Saturday, July 21, 2007

I have finished my medical elective in Nepal. Two more days and I will back on Canadian terra firma. Four weeks went by fast but it has definitely been long enough. I spent three of my four weeks in the emergency department.

Though it is not currently a suggestion that comes up very often, small service charges have previously been proposed in Canada to help solve the problem of our stretched-to-the-limit health services. The theory being that a nominal fee will keep people from going to the doctor unnecessarily and will prompt them to seek out the most appropriate type of healthcare, for example not go to the emergency room when it could wait for a visit to the GP the next day. I have always been opposed, almost reflexively, to this idea. The idea of reaching for your wallet when you get to the doctor's office feels wrong and unCanadian. My experience in Nepal, where people do just that, has demonstrated for me why, even small payments for access to healthcare, are unjustifiable on every level.

The hospital I in which I was located is a not-for-profit hospital in the Kathmandu valley. Because it is a well-respected hospital and the fees are less than many other places, they see many of the poorer people in the area. However, it is in the Kathmandu valley so even the poor people here are better off than others in the remote areas. In the emergency department I saw largely three types of people. The first category were people who had some dramatic acute condition; traffic collisions, workplace accidents, MIs. These people come in and are treated because it is a matter of life and death. If they, or their families, can't pay, they are referred to social work and their fees are waived.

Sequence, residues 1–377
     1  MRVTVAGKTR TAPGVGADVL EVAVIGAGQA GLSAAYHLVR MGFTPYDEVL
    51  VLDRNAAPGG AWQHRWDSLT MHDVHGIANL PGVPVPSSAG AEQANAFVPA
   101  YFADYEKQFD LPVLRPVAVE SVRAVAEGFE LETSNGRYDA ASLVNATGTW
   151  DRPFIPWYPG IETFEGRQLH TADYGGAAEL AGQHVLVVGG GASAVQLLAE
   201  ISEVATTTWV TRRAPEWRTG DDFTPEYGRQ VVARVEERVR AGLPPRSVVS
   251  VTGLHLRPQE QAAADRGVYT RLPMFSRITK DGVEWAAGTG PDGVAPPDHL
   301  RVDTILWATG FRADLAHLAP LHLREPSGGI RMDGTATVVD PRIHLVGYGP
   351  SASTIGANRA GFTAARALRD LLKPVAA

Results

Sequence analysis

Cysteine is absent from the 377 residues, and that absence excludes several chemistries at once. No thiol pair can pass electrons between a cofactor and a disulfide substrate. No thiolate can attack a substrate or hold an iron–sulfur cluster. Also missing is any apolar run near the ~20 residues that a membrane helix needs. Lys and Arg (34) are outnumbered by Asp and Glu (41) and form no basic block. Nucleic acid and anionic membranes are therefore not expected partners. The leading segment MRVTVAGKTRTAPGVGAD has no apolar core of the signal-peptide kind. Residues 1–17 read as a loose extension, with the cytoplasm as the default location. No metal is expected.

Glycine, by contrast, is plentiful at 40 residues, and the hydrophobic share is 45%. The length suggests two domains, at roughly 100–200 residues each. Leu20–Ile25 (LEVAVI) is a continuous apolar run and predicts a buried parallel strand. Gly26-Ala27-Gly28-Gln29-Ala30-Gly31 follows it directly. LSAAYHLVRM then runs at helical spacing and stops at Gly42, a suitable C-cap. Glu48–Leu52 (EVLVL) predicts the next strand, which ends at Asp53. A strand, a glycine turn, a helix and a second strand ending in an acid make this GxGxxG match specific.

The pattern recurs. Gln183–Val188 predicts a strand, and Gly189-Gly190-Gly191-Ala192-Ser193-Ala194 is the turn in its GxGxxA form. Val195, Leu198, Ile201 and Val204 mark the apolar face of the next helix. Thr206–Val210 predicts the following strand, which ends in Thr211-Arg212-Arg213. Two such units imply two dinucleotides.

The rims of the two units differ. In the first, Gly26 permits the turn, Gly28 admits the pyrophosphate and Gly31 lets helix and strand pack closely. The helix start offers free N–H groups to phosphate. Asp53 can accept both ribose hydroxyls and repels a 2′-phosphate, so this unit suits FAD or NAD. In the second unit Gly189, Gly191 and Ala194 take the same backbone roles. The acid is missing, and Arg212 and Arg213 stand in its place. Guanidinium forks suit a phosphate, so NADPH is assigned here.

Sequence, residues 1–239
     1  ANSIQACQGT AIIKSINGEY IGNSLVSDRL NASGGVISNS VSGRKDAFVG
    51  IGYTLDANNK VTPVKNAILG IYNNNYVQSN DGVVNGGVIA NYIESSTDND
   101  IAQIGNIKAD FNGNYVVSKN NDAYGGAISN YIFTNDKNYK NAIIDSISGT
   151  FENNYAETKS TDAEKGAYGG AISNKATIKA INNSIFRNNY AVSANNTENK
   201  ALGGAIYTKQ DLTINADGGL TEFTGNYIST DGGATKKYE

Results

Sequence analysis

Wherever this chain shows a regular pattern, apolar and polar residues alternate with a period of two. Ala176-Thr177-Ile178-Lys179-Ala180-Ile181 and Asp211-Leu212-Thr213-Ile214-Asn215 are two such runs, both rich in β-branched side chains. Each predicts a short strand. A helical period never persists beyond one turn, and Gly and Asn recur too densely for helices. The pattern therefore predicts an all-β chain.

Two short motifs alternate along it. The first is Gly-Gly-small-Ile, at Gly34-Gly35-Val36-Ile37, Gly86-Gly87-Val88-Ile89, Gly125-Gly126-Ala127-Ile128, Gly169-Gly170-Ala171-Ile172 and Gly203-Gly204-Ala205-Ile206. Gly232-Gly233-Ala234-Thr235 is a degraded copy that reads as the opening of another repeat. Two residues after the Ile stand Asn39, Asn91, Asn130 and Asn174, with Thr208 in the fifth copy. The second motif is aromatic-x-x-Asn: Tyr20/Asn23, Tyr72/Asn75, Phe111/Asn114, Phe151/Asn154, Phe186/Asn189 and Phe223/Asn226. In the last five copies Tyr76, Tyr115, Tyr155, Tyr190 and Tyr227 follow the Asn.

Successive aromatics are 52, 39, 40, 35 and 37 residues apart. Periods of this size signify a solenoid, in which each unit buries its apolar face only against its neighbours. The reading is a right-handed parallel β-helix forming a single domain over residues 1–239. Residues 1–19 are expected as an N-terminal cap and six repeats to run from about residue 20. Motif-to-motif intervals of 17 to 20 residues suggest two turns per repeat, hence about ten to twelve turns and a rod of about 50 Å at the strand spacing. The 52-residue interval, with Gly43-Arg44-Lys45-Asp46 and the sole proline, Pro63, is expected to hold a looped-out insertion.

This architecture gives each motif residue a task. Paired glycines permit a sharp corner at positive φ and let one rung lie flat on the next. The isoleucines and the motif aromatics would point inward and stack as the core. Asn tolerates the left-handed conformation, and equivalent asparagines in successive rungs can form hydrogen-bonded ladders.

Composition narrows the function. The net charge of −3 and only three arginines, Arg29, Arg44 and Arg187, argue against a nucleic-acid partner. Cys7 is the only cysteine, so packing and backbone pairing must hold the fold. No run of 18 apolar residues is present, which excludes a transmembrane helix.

The second group is people that have the money. The fees are low enough that they will make little or no difference in their lifestyle. A chest x-ray is about $3, the price of a nice lunch in a restaurant, so it is no big deal. These are the people that come in when their 2 year old has a low-grade fever and the sniffles for a day; the teenage girl who comes in with menstrual cramps for the past hour. I am not saying that these people do not deserve healthcare, but the emergency room is not the place for it (I believe I mentioned it is cholera season here and the same number of staff has to take care of an extra 20 beds.) However, most of these people seem to have the opinion that they are entitled to complete and immediate attention. It is unusual for someone to wait longer than 30 minutes to see a doctor and if they do there is angry complaining and threats (which I was told are sometimes carried out). In Canada people often wait much longer and, while they are far from happy about it, they accept that the doctors are working away with patients that may be sicker than they are. This type of explanation carries no weight in the hospital I was at. I don't think this difference is due to Canadian politeness or some defect in the Nepali character. I think a big thing that contributes to the outrage from Nepali patients is the cash they handed over to get in the door. The fact that they paid for service means they want to be served and served now. Moreover, they have no compunction in demanding tests or particular treatments. Why not? They are paying for them. It doesn't matter that the chest x-ray for their 2 year old is exposing them to unnecessary radiation or the antibiotics will do them no good, not to mention that they are taking up more of the doctor’s time.